By Jane Merriman
UPDATE 1: Iran's oil minister says OPEC must restore stability at meeting on Nov 18.
Iran's oil minister called for market stability on Saturday, a day after crude prices fell more than 10 percent, and warned that consumers would ultimately also suffer if prices did not return to a "logical level."
Oil Minister Gholamhossein Nozari was asked what action he believed the Organisation of the Petroleum Exporting Countries (OPEC) should take at an emergency meeting scheduled for Nov. 18 in Vienna and whether a cut in output would restore stability.
"We think that this meeting will take good decisions. The aim OPEC pursues is establishing stability in the market," he told reporters without spelling out whether he believed the cartel should reduce crude production.
Oil prices touched 13-month lows on Friday in a global flight from risk amid concerns of a worldwide recession and further signs of slumping energy demand.
The price fall has caused some OPEC members to call for a cut in production levels, and the group will discuss the impact of the global financial crisis on the oil market at their meeting next month in the Austrian capital.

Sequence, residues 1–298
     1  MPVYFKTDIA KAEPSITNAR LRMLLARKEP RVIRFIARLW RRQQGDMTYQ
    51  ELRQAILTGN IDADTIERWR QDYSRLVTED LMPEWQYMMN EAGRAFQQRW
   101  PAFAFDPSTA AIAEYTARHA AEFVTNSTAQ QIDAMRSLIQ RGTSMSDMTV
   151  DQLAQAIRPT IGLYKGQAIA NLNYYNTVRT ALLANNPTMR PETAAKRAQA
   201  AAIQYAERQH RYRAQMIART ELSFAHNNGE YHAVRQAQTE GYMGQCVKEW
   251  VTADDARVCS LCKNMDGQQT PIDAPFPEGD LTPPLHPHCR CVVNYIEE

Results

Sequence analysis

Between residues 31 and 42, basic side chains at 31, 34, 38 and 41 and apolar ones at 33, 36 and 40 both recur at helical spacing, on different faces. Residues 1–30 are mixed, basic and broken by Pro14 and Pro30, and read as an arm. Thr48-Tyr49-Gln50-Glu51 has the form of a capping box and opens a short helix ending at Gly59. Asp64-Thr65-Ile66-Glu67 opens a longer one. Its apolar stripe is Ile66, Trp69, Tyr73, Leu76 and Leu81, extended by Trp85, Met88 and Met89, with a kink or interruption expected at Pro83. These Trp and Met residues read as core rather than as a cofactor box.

British Prime Minister Gordon Brown said on Friday it would be "wrong" for OPEC to cut production just as oil prices are falling.
But Nozari, oil minister of the world's fourth-largest crude producer, said existing prices would hurt investment in the sector and as a result also those buying oil.
"Therefore it seems fundamental decisions should be taken," he said on the sidelines of an oil conference in the Iranian capital, without elaborating.
"If the oil prices do not return to a logical level it will be the consumers who will incur loss over the long run and providing energy security will be endangered in the future," Nozari said.
Slumping demand in the United States and other developed economies has sent oil prices off their peak above $147 a barrel in July, after surging consumption in emerging markets such as China sent commodities on a six-year rally.
On Friday, U.S. crude plunged $8.89 to settle at $77.70 a barrel, the lowest levels since Sept. 10, 2007, and down 17 percent from last Friday's settlement. London Brent crude settled down $8.57 at $74.09 a barrel.
"Studies indicate that the current critical problem has to do with demand in the market," Nozari said. "We should be after market stability, meaning that the stability of the market is important both for the producer and the consumer."
"The principal problem now is the global economic situation and it seems fundamental thought should be put in that direction to find a solution," he said. (Reuters)